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No. 178, 16 September 1992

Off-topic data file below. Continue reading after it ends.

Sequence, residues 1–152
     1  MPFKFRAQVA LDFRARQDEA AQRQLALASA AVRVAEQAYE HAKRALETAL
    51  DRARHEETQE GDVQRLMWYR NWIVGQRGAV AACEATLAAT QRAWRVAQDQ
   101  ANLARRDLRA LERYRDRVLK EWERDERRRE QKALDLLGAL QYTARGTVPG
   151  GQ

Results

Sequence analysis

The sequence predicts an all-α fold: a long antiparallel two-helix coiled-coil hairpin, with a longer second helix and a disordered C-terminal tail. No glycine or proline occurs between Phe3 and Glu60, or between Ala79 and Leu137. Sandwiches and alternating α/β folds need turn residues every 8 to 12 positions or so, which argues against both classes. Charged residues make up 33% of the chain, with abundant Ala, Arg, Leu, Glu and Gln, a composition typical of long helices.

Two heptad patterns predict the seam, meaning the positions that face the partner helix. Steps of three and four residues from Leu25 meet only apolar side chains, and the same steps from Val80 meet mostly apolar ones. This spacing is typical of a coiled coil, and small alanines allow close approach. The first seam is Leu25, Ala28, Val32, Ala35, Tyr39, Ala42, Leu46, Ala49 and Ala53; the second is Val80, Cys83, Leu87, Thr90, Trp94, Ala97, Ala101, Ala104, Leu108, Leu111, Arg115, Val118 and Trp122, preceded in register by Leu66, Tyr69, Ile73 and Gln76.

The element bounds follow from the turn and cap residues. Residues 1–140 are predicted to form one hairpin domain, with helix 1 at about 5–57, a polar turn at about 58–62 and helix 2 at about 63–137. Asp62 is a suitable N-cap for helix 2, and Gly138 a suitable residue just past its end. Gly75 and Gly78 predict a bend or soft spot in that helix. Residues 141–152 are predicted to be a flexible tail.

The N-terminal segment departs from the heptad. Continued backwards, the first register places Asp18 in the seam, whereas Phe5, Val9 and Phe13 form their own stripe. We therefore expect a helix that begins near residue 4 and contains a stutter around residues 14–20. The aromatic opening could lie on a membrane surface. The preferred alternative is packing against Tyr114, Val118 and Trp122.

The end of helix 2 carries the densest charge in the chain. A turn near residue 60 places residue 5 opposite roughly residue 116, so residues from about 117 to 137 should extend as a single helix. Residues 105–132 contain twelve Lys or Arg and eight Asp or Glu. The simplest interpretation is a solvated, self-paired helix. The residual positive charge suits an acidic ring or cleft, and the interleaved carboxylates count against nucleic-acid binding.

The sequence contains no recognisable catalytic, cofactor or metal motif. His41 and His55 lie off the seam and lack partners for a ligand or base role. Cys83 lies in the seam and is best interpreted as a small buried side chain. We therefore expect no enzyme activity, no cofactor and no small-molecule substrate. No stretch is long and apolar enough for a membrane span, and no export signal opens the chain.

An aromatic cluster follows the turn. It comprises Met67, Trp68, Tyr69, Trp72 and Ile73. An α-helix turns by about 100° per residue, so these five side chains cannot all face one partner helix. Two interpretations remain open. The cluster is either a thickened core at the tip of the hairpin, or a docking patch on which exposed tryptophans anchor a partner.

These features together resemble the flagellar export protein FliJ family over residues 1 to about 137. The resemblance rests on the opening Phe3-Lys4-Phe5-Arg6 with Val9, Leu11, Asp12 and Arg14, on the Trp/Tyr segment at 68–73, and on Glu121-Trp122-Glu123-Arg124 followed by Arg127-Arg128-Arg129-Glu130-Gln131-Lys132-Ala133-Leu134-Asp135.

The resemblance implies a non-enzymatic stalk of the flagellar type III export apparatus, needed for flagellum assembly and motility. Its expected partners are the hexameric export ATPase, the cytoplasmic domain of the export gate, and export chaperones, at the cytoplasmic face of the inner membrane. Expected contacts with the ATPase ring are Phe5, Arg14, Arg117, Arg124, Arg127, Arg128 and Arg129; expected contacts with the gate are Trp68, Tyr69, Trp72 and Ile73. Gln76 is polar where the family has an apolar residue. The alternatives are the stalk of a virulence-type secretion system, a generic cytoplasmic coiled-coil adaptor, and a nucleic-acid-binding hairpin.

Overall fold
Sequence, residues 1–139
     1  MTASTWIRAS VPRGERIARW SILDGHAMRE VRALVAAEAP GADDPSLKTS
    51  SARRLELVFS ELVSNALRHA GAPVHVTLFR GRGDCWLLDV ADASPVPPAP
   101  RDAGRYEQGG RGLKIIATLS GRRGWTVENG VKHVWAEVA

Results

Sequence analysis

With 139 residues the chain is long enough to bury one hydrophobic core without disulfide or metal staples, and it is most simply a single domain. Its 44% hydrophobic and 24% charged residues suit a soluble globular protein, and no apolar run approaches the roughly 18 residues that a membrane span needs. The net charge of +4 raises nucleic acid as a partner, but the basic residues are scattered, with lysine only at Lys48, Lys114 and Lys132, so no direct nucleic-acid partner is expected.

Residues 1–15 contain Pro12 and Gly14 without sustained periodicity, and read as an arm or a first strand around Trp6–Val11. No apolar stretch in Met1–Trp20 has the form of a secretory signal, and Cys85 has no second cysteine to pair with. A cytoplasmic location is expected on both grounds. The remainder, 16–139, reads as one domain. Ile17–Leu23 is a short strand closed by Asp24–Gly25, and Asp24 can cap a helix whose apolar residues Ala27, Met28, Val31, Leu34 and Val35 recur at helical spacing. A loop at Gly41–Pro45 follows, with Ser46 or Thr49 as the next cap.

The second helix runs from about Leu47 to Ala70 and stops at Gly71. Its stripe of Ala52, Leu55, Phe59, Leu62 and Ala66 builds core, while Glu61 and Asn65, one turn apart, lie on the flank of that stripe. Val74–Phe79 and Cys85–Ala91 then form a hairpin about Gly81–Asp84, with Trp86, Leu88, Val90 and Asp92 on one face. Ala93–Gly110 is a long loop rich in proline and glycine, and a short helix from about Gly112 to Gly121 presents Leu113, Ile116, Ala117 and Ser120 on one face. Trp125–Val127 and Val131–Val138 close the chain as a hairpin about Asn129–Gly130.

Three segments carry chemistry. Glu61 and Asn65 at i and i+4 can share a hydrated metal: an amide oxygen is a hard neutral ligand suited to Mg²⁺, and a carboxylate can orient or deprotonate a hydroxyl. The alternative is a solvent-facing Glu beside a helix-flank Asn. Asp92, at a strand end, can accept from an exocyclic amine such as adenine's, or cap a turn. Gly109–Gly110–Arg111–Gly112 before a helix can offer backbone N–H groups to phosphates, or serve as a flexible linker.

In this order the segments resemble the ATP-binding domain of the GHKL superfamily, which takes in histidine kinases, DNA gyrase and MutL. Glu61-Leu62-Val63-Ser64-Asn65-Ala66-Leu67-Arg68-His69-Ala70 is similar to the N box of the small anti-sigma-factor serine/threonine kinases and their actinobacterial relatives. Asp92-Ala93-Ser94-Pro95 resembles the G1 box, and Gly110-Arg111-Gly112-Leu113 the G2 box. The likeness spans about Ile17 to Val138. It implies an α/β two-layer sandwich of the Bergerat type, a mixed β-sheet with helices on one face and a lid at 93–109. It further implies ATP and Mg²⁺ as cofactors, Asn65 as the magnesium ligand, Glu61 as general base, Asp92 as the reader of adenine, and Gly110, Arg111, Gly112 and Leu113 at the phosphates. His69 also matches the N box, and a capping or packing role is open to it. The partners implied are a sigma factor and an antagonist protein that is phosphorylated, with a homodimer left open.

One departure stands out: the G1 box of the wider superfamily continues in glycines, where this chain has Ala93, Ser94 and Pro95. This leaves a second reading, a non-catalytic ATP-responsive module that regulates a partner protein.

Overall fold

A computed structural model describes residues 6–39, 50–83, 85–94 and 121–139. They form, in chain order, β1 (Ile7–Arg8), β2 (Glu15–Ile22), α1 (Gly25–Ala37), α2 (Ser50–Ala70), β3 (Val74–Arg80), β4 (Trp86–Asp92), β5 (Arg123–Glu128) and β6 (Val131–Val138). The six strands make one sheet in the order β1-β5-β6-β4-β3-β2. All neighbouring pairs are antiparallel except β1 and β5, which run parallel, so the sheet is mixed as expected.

SUCCESSOR STATES TO THE USSR SITUATION IN TAJIKISTAN. Authorities in Kulyab Oblast have accused opposition forces of killing nine people and taking ten hostages in a gun battle on 14 September, ITAR-TASS reported the following day. The invaders apparently came from Kurgan-Tyube Oblast, which has been attacked repeatedly by fighters from Kulyab who support deposed President Rakhmon Nabiev. Ostankino TV's evening news reported on 14 September that Tajikistan's leading Muslim cleric, Kazi Akbar Turadzhonzoda, has protested the decision of opposition-controlled Tajik TV to stop rebroadcasting Russian TV programs. The head of Tajik TV claimed that Russian reporting on events on Tajikistan was distorted. The kazi agreed, but objected to "an information famine." (Bess Brown) SITUATION IN ABKHAZIA STILL "EXTREMELY COMPLICATED". The tripartite commission charged with monitoring the Abkhaz peace agreement met in Adler on 15 September and drew up an accord on the disengagement of Abkhaz and Georgian forces in north-west Abkhazia and a new ceasefire agreement to take effect at midnight on 15 September, ITAR-TASS reported. Addressing the State Council in Tbilisi, Chairman Eduard Shevardnadze said that he had informed Russian President Boris Yeltsin by telephone that Abkhazia was violating the ceasefire agreement. Shevardnadze characterized the situation in Abkhazia as still "extremely complicated" and stated that Georgia's military contingent in the region would be strengthened. (Liz Fuller) RUSSIA REJECTS UN EXPULSION OF YUGOSLAVIA. Russian Foreign Ministry spokesman Sergei Yastrzhembsky said on 15 September that Russia opposes the idea of isolating rump Yugoslavia by expelling it from international organizations such as the United Nations. He noted that Russia could use its veto power during a vote at the UN to block the expulsion of Yugoslavia, ITAR-TASS reported on 15 September. This statement is in line with remarks made by Milan Panic in late July, apparently based on discussions during the CSCE summit in Helsinki. Panic was quoted by Izvestiya on 31 July as saying: "President Boris Yeltsin promised me that if necessary, Russia will use its veto one hundred times in the UN Security Council to oppose a resolution on the exclusion of Yugoslavia." (Suzanne Crow) CIS INTERPARLIAMENTARY ASSEMBLY OPENS. The Interparliamentary Assembly of the CIS has gone into its first session in Bishkek, ITAR-TASS reported on 15 September. Parliamentary delegations from Armenia, Belarus, Kazhakhstan, Kyrgyzstan, Russia and Tajikistan--the CIS states which have signed the agreement on the creation of the Interparliamentary Assembly--are participating. A delegation from Uzbekistan, which also signed the agreement, did not arrive for the first session. The parliamentary delegations are being headed by the speakers of the parliaments of the CIS member states. The Assembly will discuss the development of interstate relations inside the CIS, the role of parliaments in the social protection of the population, and general economic problems. (Alexander Rahr) KHASBULATOV ELECTED HEAD OF INTERPARLIAMENTARY ASSEMBLY. Russian parliamentary speaker Ruslan Khasbulatov has been elected Chairman of the CIS Interparliamentary Assembly, ITAR-TASS reported on 15 September. Khasbulatov will preside over the work of the Assembly for one year. It has also been decided that St. Petersburg will become the seat of the Interparliamentary Assembly. The statute of the Assembly was adopted and agreement has been reached on the creation of permanent Assembly commissions on cooperation in legal, economic, humanitarian, ecological and military affairs. (Alexander Rahr) BANKER WARNS AGAINST RUSSIAN DEBT REDUCTION. The managing director of the prestigious Washington-based Institute of International Finance, Horst Schulman, announced at a news conference that offering Russia debt relief would be a mistake. According to a RFE/RL correspondent reporting on 16 September, Schulman asserted that such action would send a very unfavorable message to both creditors and debtors around the world: "in the face of what is clearly [a] very unsatisfactory performance," debt relief would be viewed as "an entitlement program" for Russia. In Schulman's opinion, Russia has not done enough to pay its foreign debts. He cited Russia's reluctance to raise domestic prices for oil, a policy which would restrict domestic demand and free up supplies for hard-currency sales. (Erik Whitlock/Robert Lyle) RUSSIAN FARMERS DEMONSTRATE. Farmers gathered outside the Russian government building in Moscow to demand economic assistance, various Russian and Western news agencies reported on 15 September. In particular, the demonstrators called for more investment in the agricultural sector, tax and debt relief, as well as low-interest loans. Reports variously estimated the number of participants at between four hundred and two thousand. According to ITAR-TASS, the demonstration lasted an hour and a half. The protest follows a similar action in August that was viewed as largely ineffective. Interfax quoted demonstrators as saying that this was their "last soft action," and that they would use more serious methods in the future if the government did not respond to their demands. (Erik Whitlock) VOLSKY CRITICIZES PRIVATE BUSINESS SPECIALISTS. President of the Union of Industrialists and Entrepreneurs, Arkadii Volsky, stated that about one and a half million specialists are duplicating various intellectual and business activities in countless fictitious enterprises, Voice of Russia reported on September 13. Although these people have created an enormous number of foundations, analytical centers, consulting bureaus, and middleman companies, the result of all this activity is next to zero, Volsky was quoted by Voice of Russia as telling Patriot (no.35). Voice of Russia accused Volsky of being a high-level KGB officer, a charge it has made frequently in the past. (Victor Yasmann) COMMUNIST PARTY HEARINGS RESUME WITH EXPERT TESTIMONY. After a six-week recess, the Russian Constitutional Court resumed the hearings on the status of the communist party on 15 September. Opening the session, court chairman Valerii Zorkin said that 13 legal experts would testify on whether the communist party is a true political party and whether the Russian Communist Party (RCP) is independent from the Soviet Communist Party (CPSU), Interfax reported. Zorkin noted that six of these experts have given written opinions supporting the Russian president's ban, while seven other experts contend that the ban was illegal. The court is also expected to examine the question of who owned and disposed of party property. Meanwhile, Valentin Kuptsov, the former RCP first secretary, asked the court to legalize the party temporarily until the court reaches a verdict, Russian and Western agencies reported. (Carla Thorson) NATIONALIST PARTIES RESUME PICKETING OF OSTANKINO. On 15 September, representatives of extreme Russian nationalist parties resumed their picketing of the Ostankino TV station demanding daily broadcast time on Russian TV, ITAR-TASS reported. Their picketing of Ostankino first started this past summer, and it led to the opposition obtaining broadcast time on a monthly basis; now they want more. (Vera Tolz) YELTSIN HOLDS TALKS WITH TATARSTAN PRESIDENT. On 15 September, Russian President Boris Yeltsin held talks in Moscow with the Tatarstan President, Mintimer Shaimiev, ITAR-TASS reported. The agency quoted Yeltsin's press office as saying the two presidents discussed preparations for a draft treaty on the division of functions between the Russian central and Tatar authorities. The Russian and Tatar authorities agreed in July to prepare a treaty on Tatarstan's sovereignty and its union with Russia. (Vera Tolz) ORDERS FOR MILITARY HARDWARE TO GROW. ITAR-TASS reported on 11 September that state orders by the Russian government for military hardware in 1993 will be higher than in 1992. No specifics on the orders were provided. The increase was attributed to the need to maintain the scientific and intellectual level of the defense sector, and to reduce the effects of Russia's general economic decline. The decision was reportedly reached at a closed-door meeting of Russian government officials and leaders of the military industries on 10 September. (Stephen Foye) RUSSIA OFFERS TO SELL WARSHIPS TO THE PHILIPPINES. A spokesman for the Philippine Navy said on 11 September that Russia had offered to sell fast attack craft, corvettes, and minesweepers to the Philippines. According to the Chinese Zinhua news agency, the spokesman said that the offer had come during a meeting that day in Manila between a Russian delegation and the chairman of the Philippine Navy's weapons board. The agency also quoted Philippine Air Force chief, Brigadier Gen. Leopoldo Acot, as saying that a proposal to purchase MiG-29 jet fighters from Russia was being "carefully studied." (Doug Clarke) UKRAINIAN PARLIAMENT OPENS. The sixth session of the Ukrainian parliament opened on 15 September against a background of unresolved economic problems and the opposition's determination to force new parliamentary elections and the dismissal of the present government. Western news agencies reported on 15 September that Prime Minister Vitold Fokin, in a message read to the lawmakers, warned that the economy is in an "extremely deep crisis." Fokin said that the government's new economic reform plan was still being discussed and would be presented to parliament no later than 28 September. The lawmakers were met by protesters at the parliament, which has become almost traditional for each new parliamentary session. (Roman Solchanyk) BELARUS TO RATIFY CFE TREATY. Belarus President Stanislav Shushkyevich told German leaders on 15 September that his government would ratify the Conventional Forces in Europe (CFE) treaty by the end of the year. Shushkyevich was visiting Bonn and his remarks were reported by Western agencies. The treaty, signed by the members of the North Atlantic Treaty Organization (NATO) and the former Warsaw Pact--including the successor states to the USSR--sets limits on five categories of conventional weapons allowed between the Urals and the Atlantic. The agreement came into force on 17 July 1992 even though two of the 29 signatories, Armenia and Belarus, had not yet ratified it. They were given 120 days to complete the process. (Doug Clarke) NAZARBAEV PROMOTES ECONOMIC COOPERATION. Kazakhstan's President Nursultan Nazarbaev told a meeting of industrialists in Alma-Ata that political ambition is prevailing over economic rationalism in the CIS, and he will propose to the CIS summit in Bishkek that supragovernmental structures be created in the Commonwealth, Russian TV reported on 14 September. On 15 September, the Russian economics minister, Andrei Nechaev, and the chairman of Kazakhstan's State Economics Committee, Tleukhan Kabdrakhmanov, signed a protocol on economic cooperation between the two countries, ITAR-TASS reported. This agreement provides for prognoses of socio-economic development, cooperation in currency and credit policy, and various joint mining and environmental projects. Nechaev did not lend encouragement to a pet project of Nazarbaev, the creation of a supranational currency authority. (Bess Brown) "DNIESTER" MOLDOVAN TEACHERS TO STRIKE FOR LATIN SCRIPT. Most teachers in Moldovan schools controlled by "Dniester" Russian authorities are protesting against the recent "Dniester" edict on languages, which imposes the Russian alphabet on the "Moldovan" (i.e. Romanian) language in place of the Latin alphabet (see RFE/RL Daily Report, 10 September). The teachers have announced plans for a general strike beginning on 20 September, Radio Rossii and DR-Press reported on 14 and 15 September, respectively. (Vladimir Socor) "DNIESTER REPUBLIC" CONTINUES CREATING STATE STRUCTURES. The "Dniester republic Supreme Soviet" decided to set up a customs system for the would-be republic, Interfax reported on 11 September; it began functioning on 15 September, Nezavisimaya gazeta reported on the 16th. The same source reported that Moldova's television relays located on the left bank of the Dniester have been taken over by the "Dniester" authorities. On 14 September, Interfax reported that the "Dniester republic" intends to introduce its own citizenship. Since 2 September, using the breathing spell gained through the ceasefire and the protective cover of Russian troops, ostensibly in Moldova to carry out impartial peacekeeping duties, the "Dniester republic" has also proceeded to set up a government with full-fledged ministries, including those of Defense and State Security; announced the establishment of its own air force and border troops, and the intention to create its own professional army; it has also formed its own banking system. (Vladimir Socor) MOLDOVA FEELS CHEATED. An unnamed senior official of Moldova's Ministry of Foreign Affairs, representing Moldova on the Joint Control Commission which nominally supervises the Russian peacekeeping forces on the Dniester, "expressed concern over certain activities of that body...The presence of the peacekeeping forces is being used by the Tiraspol leaders to consolidate illegal state structures in the Dniester area." The Moldovan official called for "a rigorous control of the [Russian-Moldovan ceasefire] convention by international bodies...to avoid arbitrary or hostile interpretations," Rompres reported on 13 September. The statement, the first of its kind from Moldova since the convention was signed on 21 July, appears to reflect the apprehension that Snegur's gamble in accepting the deployment of Russian peacekeeping troops in Moldova in exchange for Russian promises to restrain the "Dniester" secession, is backfiring against Moldova. (Vladimir Socor) CENTRAL AND EASTERN EUROPE EC MOVES TO EXCLUDE SERBIA-MONTENEGRO FROM UN. Poland, Czechoslovakia, Hungary, the US, and Islamic Conference member states will apparently join Britain and the EC in taking steps this week to bar Serbia-Montenegro from holding the former Yugoslavia's seat in the UN and related organizations. International media reported on 15 and 16 September that it is not yet clear whether Russia will agree to such a ban. Serbia-Montenegro call themselves "Yugoslavia" but the state remains internationally unrecognized, largely because its creation is widely regarded as an attempt by the Belgrade authorities to claim much of the legitimacy and assets of Tito's now defunct federation. For its part, Serbia-Montenegro says that it does not see how it can continue to participate in a UN-backed peace process if that organization excludes Belgrade from its work, the BBC said on 16 September. (Patrick Moore) "NO-FLY ZONE" OVER BOSNIA-HERZEGOVINA? International media also report that the Security Council is expected to consider stetting up a "no-fly zone" on the Iraqi model over the troubled republic. Of the combatants, only Serbian forces have aircraft, and they have been accused of shadowing UN relief flights as a way of obtaining cover on bombing missions against Bosnian and Croatian forces. Peace envoys Cyrus Vance and Lord Owen on 15 September deplored Serb air attacks the previous day on four Muslim-controlled towns in Bosnia, Western news agencies report. UN peace-keeping operations chief Marrack Goulding said that the attacks show how urgent it is to set up the "no-fly zone." Meanwhile, 68 badly injured Bosnian refugees were taken by air from Banja Luka to London for treatment. The Red Cross had selected them from numerous inmates of Serbian "detention centers." (Patrick Moore) CROAT-MUSLIM CONFLICTS IN BOSNIA. Radios Serbia and Slovenia report on 14 and 15 September that there has been a rise of clashes between Croatian and Muslim militia in towns in Herzegovina. In the Bosnian towns of Prozor and Vitez, local education officials decided that instruction in primary schools will be based on those in Croatia. Muslims have protested the decision saying Muslim children would not attend schools modeled on those of another state. The majority population in Vitez is Muslim, but all authority is in the hands of the Croats. On 14 September Radio Bosnia-Herzegovina reported the republic's Constitutional Court passed a decision saying that the establishment of the "Croatian Community of Herceg-Bosna" on 18 November 1991 was illegal. The Bosnian authorities have also earlier condemned successionist moves by Serbian groups. Vecerniji list on 15 September, however, quoted Bosnia's vice president as playing down reports of tensions between Muslims and Croats. (Milan Andrejevich) MACEDONIAN BORDER SECURITY TIGHTENED. As a response to the ongoing Bosnian war and fear that it might spread to the Republic of Macedonia, the Skopje government has decided to strengthen security along its 240-km border with Serbia, Reuters and Makpres report. The move came just after a CSCE mission recommended patrols along the border to help head off expansion of the war there. Evidently only main highways until now have had border checkpoints. Military personnel will soon begin construction of defense facilities along the border according to Nova Makedonija. The CSCE patrols, which would augment the frontier guard force, may be composed of civilian observers. (Duncan Perry) SERBIAN PREELECTION SCENE. On 14 September round-table talks between the rump Yugoslav government and opposition parties resulted in the adoption of parts of a declaration on the electoral system and the financing of upcoming elections. The adoption of these documents will be placed on the federal assembly's agenda on 18 September. The remaining aspects of the declaration referring to the role of the media are also slated for debate soon. Meanwhile, Zoran Andjelkovic, a leading official in the ruling Socialist Party (SPS) stated on 15 September that Slobodan Milosevic, in addition to his candidature for SPS chairman, will run as "the SPS candidate in the forthcoming elections for the most responsible state functions in the republic." Andjelkovic did not elaborate. Radio Serbia carried the reports. (Milan Andrejevich) DEMONSTRATIONS OVER HUNGARIAN TV PRESIDENT. According to a 14 September Radio Budapest report, two demonstrations are being organized involving Elemer Hankiss, the president of Hungarian TV. Hankiss was dismissed by Prime Minister Jozsef Antall earlier this year, but President Arpad Goncz refused to sign the dismissal order. The first demonstration--against Hankiss--is organized by the Committee for Free Hungarian Information, which includes some journalists, members of the World Federation of Hungarians Fighting in 1956, and some chapters of the Hungarian Democratic Forum and the Christian Democratic Peoples' Party. The demonstration will start next Saturday and, organizers say, will last until Hankiss remains in office. The second demonstration--in support of Hankiss--is organized by artists and reportedly more resembles a picnic than a political event. (Judith Pataki) ROMANIA TIGHTENS VISA RULES FOR THIRD WORLD. Romanian Interior Minister Victor Babiuc announced on 15 September that Romania will tighten visa regulations for 24 countries in an effort to curb illegal immigration. Under the new rules, citizens of those countries need an invitation from a Romanian citizen or firm, and these must assume financial responsibility for the visitors. Albania is the only European country on the list; the others are mostly Arab and Third World countries. Western agencies quoted Babiuc as saying that many foreigners are using Romania as a springboard to the West. There are currently some 30,000 foreigners in Romania who have overstayed their tourist visas. (Dan Ionescu) NATIONALIST PRESIDENTIAL CANDIDATE BESIEGED IN TIMISOARA. Some 2,000 protesters jeered Romanian presidential candidate Gheorghe Funar in Timisoara. Funar, the mayor of Cluj, is running on the ticket of the Party for Romanian National Unity (PRNU), the political arm of the extreme nationalist Vatra romaneasca ("Romanian Hearth") organization. The protesters shouted "Communist" and "Fascist" and threw fruit and vegetables at Funar while he was laying a wreath at a monument outside the cathedral in Timisoara to honor those killed in the December 1989 revolution. Many carried signs hailing the Democratic Convention, the main opposition alliance. Radio Bucharest carried a PRNU statement condemning the incident. (Dan Ionescu) GORBUNOVS IS LATVIA'S INTERIM HEAD OF STATE. On 15 September the Supreme Council ruled that the chairman of the Supreme Council will serve as head of state until the Saeima (parliament) convenes. Saeima deputies are still to be elected and an election date has not been set, though elections are expected to take place in the fall of 1993. The functions of the head of state are representational. This decision supplements the law on the duties and functions of the Supreme Council that was adopted on 5 August and does not grant new powers to Supreme Council Chairman Anatolijs Gorbunovs, Radio Riga reports. (Dzintra Bungs) PRESIDENTIAL POLL IN LITHUANIA. On 15 September BNS reported on the results of a poll conducted in late August and early September by the Sociological Research Laboratory of the University of Vilnius. The leading candidate for president is parliament chairman Vytautas Landsbergis with 31% of the poll, followed by Lithuanian Democratic Labor Party chairman Algirdas Brazauskas with 19% and Lithuanian chargИ d'affaires in Moscow Egidijus Bickauskas with 5%. When asked who they would like to see in the new parliament, 20% of the respondents mentioned Brazauskas, 18%--Landsbergis, and 12%--Bickauskas. BNS gave no margin of error for the poll. (Saulius Girnius) IMF APPROVES FIRST CREDIT FOR LATVIA. On 15 September Latvia became the first of the former USSR republics to achieve a full stand-by arrangement with the International Monetary Fund, making it eligible to draw loans of up to about $81 million over the coming year. The credit is meant to support a comprehensive economic reform that includes continued price liberalization and a speeded-up privatization process. The IMF says that without outside help Latvia's "decline in output and employment could be significantly larger than anticipated," RFL/RL correspondent reported on 16 September from Washington. (Dzintra Bungs) DIFFICULTIES WITH LITHUANIA-RUSSIA TRADE AGREEMENT. During a meeting in Moscow on 18 September, Lithuanian Prime Minister Aleksandras Abisala and Russia's acting Prime Minister Egor Gaidar were expected to sign a long-term trade agreement. On 15 September, citing unofficial sources, BNS said that the meeting had been postponed to 22 September at Lithuania's request. Deputy chairman of the Lithuanian Parliament Ceslovas Stankevicius, who heads the state delegation for negotiations with Moscow, had earlier told BNS that although agreements on mutual accounting and payments were ready for signing, Russia's proposals on trade required further discussion since Russia suggested quotas and licenses that would allow it to introduce certain limitations that were unacceptable since Lithuania wanted a real "free trade agreement." (Saulius Girnius) EC TALKS ABOUT BALTS. The European Parliament in Strasbourg has delayed a vote on commercial and trade agreements with the Baltic States by one month. Europarliament socialist delegate Gary Titley from the UK told an RFE/RL correspondent on 15 September that the vote was delayed because of concern over Estonia's constitutional referendum, citizenship law, and election law. Officials from the Europarliament Secretariat, however, told the RFE/RL Estonian Service on 16 September that the delay is "purely technical." The draft agreement was submitted to the Foreign Trade Commission, which must approve all agreements before they are considered by the parliament. (Riina Kionka) ESTONIA'S JOBLESS RALLY FOR "HUMAN RIGHTS." About 1000 demonstrators rallied in support of "human rights" in Narva on 15 September, Estonian TV reports. The demonstration, organized by a group calling itself the Estonian Association of the Unemployed, demanded that the government "restore economic ties with Russia and CIS member states in order to cut unemployment" in formerly all-union factories, BNS reports. Unemployment in Estonia is currently at an all-time high of 0.5%. Over 90% of Estonia's current trade is with CIS member states. (Riina Kionka) POLISH GOVERNMENT SAVORS VICTORY IN FSM STRIKE. As the FSM auto plant began preparations to resume production, Deputy Prime Minister Henryk Goryszewski commented that "for the first time, a strike has ended in something other than a victory for the strikers; this time, the public and its democratic state won out." The strikers abandoned all wage demands and accepted the terms of an agreement negotiated between the management and the trade unions on 29 July, shortly after the strike began. This gives them limited raises as soon as Fiat takes over the plant. Workers will also receive loans from local authorities. Management has agreed not to take disciplinary action against strike participants, and to consider rehiring the 347 strike activists fired during the strike. Both sides agreed to help speed Fiat's assumption of control. (Louisa Vinton) POLAND'S ECONOMY GROWS, BUT SO DOES DEFICIT. Poland's industrial output in August was 6.8% higher than in August 1991, the Main Statistical Office reported on 14 September. Industrial production for the first eight months of 1992 was just 0.8% below last year's level. Economists from the Main Trade School reported that Poland had not experienced the typical summer slowdown in economic activity. Prospects for the rest of 1992 are good: firms and banks report that new orders are up, while indebtedness and inventories are down. Investment in machines and equipment rose in August for the first time in a year. Deputy Finance Minister Wojciech Misiag said on 14 September that the government had already decided to ask the Sejm to revise the 1992 budget to deal with the larger than predicted deficit. Misiag said a 30 trillion zloty ($2 billion) shortfall was likely. PAP reported that the unemployment rate at the end of August was 13.4%. More than one-third of the unemployed are not entitled to benefits. (Louisa Vinton) POLISH DEFENSE MINISTRY OPPOSES LUSTRATION. Deputy Defense Minister Bronislaw Komorowski told the Sejm's defense commission on 15 September that passage of the "decommunization" laws now under consideration would mean "the loss of virtually the entire command structure of the Polish army." Only two generals--one the military bishop, the other an academic worker--would survive the process. Noting that 14,000 officers had been removed in 1990-91, ministry officials argued that further cuts would undermine Poland's defense capability. Proponents of lustration charged the defense ministry with attempting to remove the army from parliamentary supervision, but a majority of the Sejm commission seemed to agree that the armed forces deserved special treatment. The commission thus asked to participate in deliberations on the six draft bills now before the Sejm. (Louisa Vinton)